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Talk of playoffs and June draft provide hope, but how realistic is it?

There have been some interesting ideas that have been floated about playing out the remainder of the 2019-20 season and the 2020 NHL draft. They might be pie-in-the-sky notions at the moment, but they're providing hope to hockey-starved fans. Just don't get your hopes too high.
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At a time when the rest of the world has come to an almost complete stop, it seems as though things are starting to move when it comes to the NHL. In the past 24 hours, there has been speculation that the league is considering returning to play to finish the season in July and still holding a virtual draft in June. But before you start mapping out a summer of television viewing that includes a June draft followed by two months of Stanley Cup playoffs, consider that these ideas are only being discussed at the moment and are nowhere near to coming to fruition. As much as we’d love to see hockey back after months without it, there are still far too many variables to make any definite declarations.

Which means it’s all well and good that Florida Panthers CEO and president Matthew Caldwell said that the NHL is considering returning in July at four or five neutral sites with limited or no fans, but that doesn’t mean it’s going to happen. According to the report, Caldwell has said, “the plan is not finalized.” Not only has it not been finalized, it hasn’t gone anywhere beyond the preliminary discussion stages. The same goes with holding the draft in June. These are both ideas that have been floated in broad discussions. And like all ideas of that nature, one or both may stick, or they could very well fall by the wayside.

“There’s nothing happening,” said one NHL governor who requested anonymity. “We don’t have enough information to make any plans. What (Caldwell) was saying could be an option, but it’s as much an option as anything.”

Caldwell’s comments were made Wednesday morning when he was part of a panel of business leaders that addressed the Re-Open Florida’s Industry Working Group. Here’s exactly what Caldwell said: “At least for the NHL, we’re trying to target sometime in July when we feel that players are safe and we have enough testing and we have enough ways to get back on the ice, for us it’s probably going to be contained to playing at four or five neutral sites. That’s all being discussed right now. My guess is that we would start with either limited fans or empty arenas. So just the teams and the associated staffs.”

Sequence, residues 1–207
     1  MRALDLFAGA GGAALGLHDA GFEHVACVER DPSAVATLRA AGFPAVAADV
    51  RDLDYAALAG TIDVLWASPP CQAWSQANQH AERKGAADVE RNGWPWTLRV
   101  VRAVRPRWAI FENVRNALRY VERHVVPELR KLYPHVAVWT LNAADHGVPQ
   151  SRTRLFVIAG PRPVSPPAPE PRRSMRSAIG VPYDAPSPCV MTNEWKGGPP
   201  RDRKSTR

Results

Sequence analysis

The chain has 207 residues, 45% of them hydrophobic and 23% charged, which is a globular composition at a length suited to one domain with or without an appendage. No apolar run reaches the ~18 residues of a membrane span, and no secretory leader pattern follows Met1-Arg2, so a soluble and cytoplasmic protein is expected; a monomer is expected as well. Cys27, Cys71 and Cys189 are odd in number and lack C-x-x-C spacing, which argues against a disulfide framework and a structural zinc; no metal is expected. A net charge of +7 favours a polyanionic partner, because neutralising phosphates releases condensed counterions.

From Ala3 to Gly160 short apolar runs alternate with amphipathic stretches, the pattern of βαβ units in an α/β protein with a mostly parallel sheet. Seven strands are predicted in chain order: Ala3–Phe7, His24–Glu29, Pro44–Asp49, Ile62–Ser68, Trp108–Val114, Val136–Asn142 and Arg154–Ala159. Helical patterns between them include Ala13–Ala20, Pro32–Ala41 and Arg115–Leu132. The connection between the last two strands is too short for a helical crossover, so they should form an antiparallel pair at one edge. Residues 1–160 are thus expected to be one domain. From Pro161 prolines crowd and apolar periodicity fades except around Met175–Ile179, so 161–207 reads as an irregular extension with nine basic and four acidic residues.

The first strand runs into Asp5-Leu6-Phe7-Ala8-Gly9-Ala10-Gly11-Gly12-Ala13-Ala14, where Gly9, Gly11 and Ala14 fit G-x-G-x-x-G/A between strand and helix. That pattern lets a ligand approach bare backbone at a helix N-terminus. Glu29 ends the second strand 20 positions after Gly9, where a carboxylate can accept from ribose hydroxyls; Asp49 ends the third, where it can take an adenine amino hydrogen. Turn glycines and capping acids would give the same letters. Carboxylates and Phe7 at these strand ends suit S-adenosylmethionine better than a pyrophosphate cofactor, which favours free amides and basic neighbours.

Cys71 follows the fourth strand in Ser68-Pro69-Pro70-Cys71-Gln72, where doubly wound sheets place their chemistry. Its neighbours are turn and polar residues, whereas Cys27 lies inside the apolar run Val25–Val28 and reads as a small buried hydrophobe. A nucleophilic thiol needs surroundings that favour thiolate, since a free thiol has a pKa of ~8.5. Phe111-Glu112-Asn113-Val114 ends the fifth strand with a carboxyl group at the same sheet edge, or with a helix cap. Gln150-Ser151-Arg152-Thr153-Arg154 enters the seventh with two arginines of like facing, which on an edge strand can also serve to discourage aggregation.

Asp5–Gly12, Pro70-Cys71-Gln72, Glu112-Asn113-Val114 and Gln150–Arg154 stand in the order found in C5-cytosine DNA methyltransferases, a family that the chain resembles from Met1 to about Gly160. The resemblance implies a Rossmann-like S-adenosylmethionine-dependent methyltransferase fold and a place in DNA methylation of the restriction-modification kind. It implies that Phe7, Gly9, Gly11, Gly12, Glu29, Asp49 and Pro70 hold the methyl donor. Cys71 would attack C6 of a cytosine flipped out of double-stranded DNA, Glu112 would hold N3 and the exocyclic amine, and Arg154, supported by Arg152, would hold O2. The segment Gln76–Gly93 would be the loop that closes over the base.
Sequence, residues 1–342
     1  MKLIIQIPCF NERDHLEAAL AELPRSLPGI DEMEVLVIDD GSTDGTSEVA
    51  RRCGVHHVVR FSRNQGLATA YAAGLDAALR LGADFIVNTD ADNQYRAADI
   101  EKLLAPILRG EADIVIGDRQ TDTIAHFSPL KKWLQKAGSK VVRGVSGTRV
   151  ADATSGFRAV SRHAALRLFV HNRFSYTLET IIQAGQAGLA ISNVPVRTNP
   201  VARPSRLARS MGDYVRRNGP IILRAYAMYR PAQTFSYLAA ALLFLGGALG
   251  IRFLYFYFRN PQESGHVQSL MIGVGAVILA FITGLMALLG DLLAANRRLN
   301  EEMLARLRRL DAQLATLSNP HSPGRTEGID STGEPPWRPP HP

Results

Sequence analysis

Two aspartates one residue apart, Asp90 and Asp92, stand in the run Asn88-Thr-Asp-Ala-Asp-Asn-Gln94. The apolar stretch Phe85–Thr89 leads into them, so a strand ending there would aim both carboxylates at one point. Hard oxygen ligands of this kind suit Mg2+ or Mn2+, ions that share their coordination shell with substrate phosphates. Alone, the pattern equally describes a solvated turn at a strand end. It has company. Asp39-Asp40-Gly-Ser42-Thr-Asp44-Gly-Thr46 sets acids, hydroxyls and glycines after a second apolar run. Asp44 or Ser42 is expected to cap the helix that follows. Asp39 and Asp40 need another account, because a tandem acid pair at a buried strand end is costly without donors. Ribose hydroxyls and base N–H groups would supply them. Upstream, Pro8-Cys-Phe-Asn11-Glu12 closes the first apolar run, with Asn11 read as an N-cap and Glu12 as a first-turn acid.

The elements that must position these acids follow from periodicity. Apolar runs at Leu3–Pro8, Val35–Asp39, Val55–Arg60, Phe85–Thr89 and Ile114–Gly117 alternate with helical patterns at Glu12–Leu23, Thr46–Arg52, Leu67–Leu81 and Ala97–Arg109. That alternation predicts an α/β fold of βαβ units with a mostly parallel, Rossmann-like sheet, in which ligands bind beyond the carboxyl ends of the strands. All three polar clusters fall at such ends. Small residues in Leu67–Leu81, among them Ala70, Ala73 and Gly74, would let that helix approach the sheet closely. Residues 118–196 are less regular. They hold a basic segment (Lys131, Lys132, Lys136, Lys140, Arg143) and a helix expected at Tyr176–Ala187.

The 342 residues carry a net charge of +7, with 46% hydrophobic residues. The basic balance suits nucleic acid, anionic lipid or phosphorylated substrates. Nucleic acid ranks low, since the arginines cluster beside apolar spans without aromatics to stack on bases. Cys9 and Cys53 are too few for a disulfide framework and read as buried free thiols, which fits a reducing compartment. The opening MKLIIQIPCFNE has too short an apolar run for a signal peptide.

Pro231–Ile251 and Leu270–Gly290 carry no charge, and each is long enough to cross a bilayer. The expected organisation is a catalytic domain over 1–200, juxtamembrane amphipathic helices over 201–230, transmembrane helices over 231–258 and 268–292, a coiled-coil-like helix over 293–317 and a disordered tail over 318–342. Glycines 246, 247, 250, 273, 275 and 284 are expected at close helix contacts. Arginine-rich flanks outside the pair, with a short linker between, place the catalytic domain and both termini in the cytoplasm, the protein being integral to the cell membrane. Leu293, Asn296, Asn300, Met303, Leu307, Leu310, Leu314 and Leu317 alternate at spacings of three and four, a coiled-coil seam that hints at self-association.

So it’s nowhere near a proclamation that the league will be back, but it’s something to provide hope during dark times. The roadmap U.S. president Donald Trump gave to governors to reopen their economies was a three-phase process and it stands to reason that the NHL might be able to move to areas who have cleared Phase II, which would limit gatherings to no more than 50 people, “unless precautionary measures are taken.” Ontario premier Doug Ford has repeatedly said he will follow the advice of the province’s chief medical officer before resuming any sort of normalcy.

One governor said that if the league were to do this, the matchups might be more geographical than according to division. To be sure, they would be held in places where the curve has flattened and COVID-19 is relatively under control. So let’s say one city holding games in Raleigh, N.C. and another is Minnesota. Well, if the Nashville Predators are part of the picture, it would make much more sense for them to play in Raleigh rather than Minnesota, particularly if teams are having to bus their players, even though they occupy the same division as the Wild. And what would the league do about injuries? What if a player is injured badly enough to be hospitalized? Would teams want their players recovering in places where COVID-19 might be an issue.

So much of this is a race to fill the void that sports fans have felt since every sport shut down more than a month ago. If the NHL were the first to come back, some in the game have opined, it would give the league an enormous advantage in attracting sponsorship dollars and give it the spotlight at a time of the year when there will not be as much competition. And while it might be seen as myopic and tone deaf to think that way when thousands of people are dying, it can also provide a good segment of the population an outlet. Sports leagues have played through world wars. Which is why trying to hold the Stanley Cup playoffs this summer makes a lot of sense.

But if the NHL is simply trying to create some buzz with the prospect of holding the draft in June, prior to either playing out or cancelling the season, that’s not a good enough reason to do it. To be sure, the league would have to know whether or not it is going to return by the time it holds the draft. To do anything otherwise would play even more havoc with things such as the draft lottery and conditional picks. Could you imagine a team winning the draft lottery, then getting into the playoffs under an expanded format, then running the table and winning the Stanley Cup?

As much as we want all these things to happen, it’s still too early to determine whether or not the league is going to be able to pull it off. Right now they seem pie-in-the-sky ideas. But that’s the thing about pie-in-the-sky ideas. Sometimes they come to fruition.

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